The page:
Fondly remembering the days of the dinghy
By Phil Colpas
The current situation involving the county removing sailboats from Beach Access 8 evoked a memory remnant of mine growing up on south Siesta Key in the 1980s. Back then, I recall that just north of Point of Rocks and Crescent Beach, tucked up near the sea oats close to a public beach access, there was a wonderfully colorful depository of sailboats of various makeups — mostly catamarans, but also old, hand-painted, single-hull kits and barely seaworthy dinghies, including our own entry into this beach sailboat menagerie, the deathtrap called Enterprise.
Aye, I still get chills when I think about her. A beat-up, fiberglass dinghy in pale blue, the Enterprise was someone else’s trash, but my father’s treasure. He had always fancied himself a bit of a sea captain, or perhaps an admiral in the Royal Navy, but his teacher’s salary had relegated his command to a lesser fleet. Stuffed with broken catamaran hull pieces to bolster her form, and Styrofoam to boost her buoyancy, the Enterprise and we braved the angry sea. And very nearly perished on several occasions.
The mast set precariously in a jagged fiberglass hole, and when the faded blue sail took the wind it shook the hull, violently. When she came about, you had to time your deck dive to the millisecond, or risk being knocked out cold by the boom.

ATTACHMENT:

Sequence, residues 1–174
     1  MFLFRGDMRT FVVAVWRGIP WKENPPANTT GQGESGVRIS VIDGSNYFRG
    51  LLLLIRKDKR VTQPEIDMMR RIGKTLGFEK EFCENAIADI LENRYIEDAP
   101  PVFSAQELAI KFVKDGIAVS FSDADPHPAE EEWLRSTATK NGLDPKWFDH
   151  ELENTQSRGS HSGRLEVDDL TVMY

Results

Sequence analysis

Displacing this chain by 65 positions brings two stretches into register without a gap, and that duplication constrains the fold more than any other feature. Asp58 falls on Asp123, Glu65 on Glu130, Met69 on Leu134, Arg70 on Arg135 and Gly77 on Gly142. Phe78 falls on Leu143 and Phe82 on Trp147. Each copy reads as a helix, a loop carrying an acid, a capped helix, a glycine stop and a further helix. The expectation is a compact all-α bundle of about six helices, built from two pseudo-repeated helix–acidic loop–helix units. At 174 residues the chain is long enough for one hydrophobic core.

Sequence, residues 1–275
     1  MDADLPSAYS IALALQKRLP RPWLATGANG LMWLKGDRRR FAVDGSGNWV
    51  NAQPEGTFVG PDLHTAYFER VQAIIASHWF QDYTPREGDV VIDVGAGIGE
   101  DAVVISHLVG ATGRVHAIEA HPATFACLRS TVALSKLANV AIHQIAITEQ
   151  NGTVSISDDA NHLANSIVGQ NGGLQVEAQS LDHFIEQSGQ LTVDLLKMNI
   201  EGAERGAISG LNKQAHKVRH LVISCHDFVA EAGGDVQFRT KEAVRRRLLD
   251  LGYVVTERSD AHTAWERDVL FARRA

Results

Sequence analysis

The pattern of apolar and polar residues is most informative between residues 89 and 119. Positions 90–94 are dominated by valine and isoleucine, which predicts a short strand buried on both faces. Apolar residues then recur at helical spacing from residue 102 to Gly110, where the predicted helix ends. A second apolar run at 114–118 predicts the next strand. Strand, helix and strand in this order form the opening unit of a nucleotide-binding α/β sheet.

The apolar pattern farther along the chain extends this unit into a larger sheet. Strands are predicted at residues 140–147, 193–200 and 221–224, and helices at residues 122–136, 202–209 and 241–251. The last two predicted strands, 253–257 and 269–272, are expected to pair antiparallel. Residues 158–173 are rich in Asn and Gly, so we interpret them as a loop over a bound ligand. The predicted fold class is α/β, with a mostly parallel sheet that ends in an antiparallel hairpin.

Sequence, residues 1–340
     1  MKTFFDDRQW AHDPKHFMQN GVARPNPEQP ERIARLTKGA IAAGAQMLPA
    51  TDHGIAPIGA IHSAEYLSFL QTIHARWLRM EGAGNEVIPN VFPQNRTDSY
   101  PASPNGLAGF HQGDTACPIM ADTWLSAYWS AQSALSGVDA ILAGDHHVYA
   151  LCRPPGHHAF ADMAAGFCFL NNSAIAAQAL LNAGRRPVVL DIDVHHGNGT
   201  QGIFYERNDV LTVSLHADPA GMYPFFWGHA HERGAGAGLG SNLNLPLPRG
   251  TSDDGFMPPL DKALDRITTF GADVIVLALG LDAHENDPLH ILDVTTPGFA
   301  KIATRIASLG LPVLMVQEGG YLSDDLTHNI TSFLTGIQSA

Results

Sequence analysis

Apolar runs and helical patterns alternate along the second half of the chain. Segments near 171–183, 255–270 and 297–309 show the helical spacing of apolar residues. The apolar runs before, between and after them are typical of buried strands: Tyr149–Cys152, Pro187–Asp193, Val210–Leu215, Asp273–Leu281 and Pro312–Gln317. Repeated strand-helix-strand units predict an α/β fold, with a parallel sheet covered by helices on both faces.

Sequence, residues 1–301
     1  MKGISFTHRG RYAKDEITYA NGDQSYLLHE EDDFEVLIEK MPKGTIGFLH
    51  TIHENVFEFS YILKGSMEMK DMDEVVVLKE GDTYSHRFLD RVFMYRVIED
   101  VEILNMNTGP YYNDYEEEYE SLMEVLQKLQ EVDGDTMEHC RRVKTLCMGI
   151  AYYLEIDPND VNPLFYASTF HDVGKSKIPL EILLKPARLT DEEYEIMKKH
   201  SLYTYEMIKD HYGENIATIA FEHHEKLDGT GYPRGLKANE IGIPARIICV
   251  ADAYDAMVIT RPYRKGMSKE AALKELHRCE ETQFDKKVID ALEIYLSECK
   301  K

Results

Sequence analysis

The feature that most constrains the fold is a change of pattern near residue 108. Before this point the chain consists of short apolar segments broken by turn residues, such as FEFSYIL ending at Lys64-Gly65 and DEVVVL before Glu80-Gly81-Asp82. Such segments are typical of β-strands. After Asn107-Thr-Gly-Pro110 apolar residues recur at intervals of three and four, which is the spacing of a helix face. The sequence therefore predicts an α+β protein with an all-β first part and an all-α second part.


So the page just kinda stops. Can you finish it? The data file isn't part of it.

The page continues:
Water rushed in — and over — the hull until the very real danger of being swallowed up by the sea necessitated our beachward return.
And then we’d pull her up on the beach again, leaving her safely and securely tucked up close to the sea oats. Until the next time.
I had to eventually part ways with the Enterprise; I figured it was either her or me.
I’m sure this improvised dry dock on the beach is long gone, but it was wonderful while it lasted. Pull your boat up, secure it, make sure it’s out of people’s way. Owners of some of the fancier boats made attempts, of varying degrees of success, to secure their vessels by chaining them to something, trees being a favorite, but also signs, newspaper boxes and even other boats. Others convinced themselves that simply pulling their boats up into the sea oats a few more feet was enough to render them completely invisible to passersby. One sailor purposefully left his clean, sporty catamaran unsecured, and invited anyone to take her out.
“If I’m not using her, feel free,” he would say. “Just put her back where you found her.”
As I’ve mentioned before, this was life on Siesta Key before the world at large discovered it. Back when it was still just a small beach town.